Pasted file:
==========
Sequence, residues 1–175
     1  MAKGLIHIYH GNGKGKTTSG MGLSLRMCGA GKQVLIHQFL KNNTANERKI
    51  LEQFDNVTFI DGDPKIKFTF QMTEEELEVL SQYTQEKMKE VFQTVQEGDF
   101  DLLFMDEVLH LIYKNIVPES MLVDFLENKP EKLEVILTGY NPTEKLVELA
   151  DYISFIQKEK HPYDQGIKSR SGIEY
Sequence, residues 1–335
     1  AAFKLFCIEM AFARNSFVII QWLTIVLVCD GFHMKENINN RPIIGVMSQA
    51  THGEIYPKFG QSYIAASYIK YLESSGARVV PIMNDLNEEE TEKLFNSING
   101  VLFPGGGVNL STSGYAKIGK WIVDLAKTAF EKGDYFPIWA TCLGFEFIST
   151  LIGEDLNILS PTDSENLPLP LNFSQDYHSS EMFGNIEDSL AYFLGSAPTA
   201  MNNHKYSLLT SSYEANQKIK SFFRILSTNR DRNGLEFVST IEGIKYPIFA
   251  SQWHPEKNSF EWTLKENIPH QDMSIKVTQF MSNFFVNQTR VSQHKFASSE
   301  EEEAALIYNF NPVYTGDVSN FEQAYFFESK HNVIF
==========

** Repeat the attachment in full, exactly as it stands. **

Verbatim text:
Sequence, residues 1–175
     1  MAKGLIHIYH GNGKGKTTSG MGLSLRMCGA GKQVLIHQFL KNNTANERKI
    51  LEQFDNVTFI DGDPKIKFTF QMTEEELEVL SQYTQEKMKE VFQTVQEGDF
   101  DLLFMDEVLH LIYKNIVPES MLVDFLENKP EKLEVILTGY NPTEKLVELA
   151  DYISFIQKEK HPYDQGIKSR SGIEY
Sequence, residues 1–335
     1  AAFKLFCIEM AFARNSFVII QWLTIVLVCD GFHMKENINN RPIIGVMSQA
    51  THGEIYPKFG QSYIAASYIK YLESSGARVV PIMNDLNEEE TEKLFNSING
   101  VLFPGGGVNL STSGYAKIGK WIVDLAKTAF EKGDYFPIWA TCLGFEFIST
   151  LIGEDLNILS PTDSENLPLP LNFSQDYHSS EMFGNIEDSL AYFLGSAPTA
   201  MNNHKYSLLT SSYEANQKIK SFFRILSTNR DRNGLEFVST IEGIKYPIFA
   251  SQWHPEKNSF EWTLKENIPH QDMSIKVTQF MSNFFVNQTR VSQHKFASSE
   301  EEEAALIYNF NPVYTGDVSN FEQAYFFESK HNVIF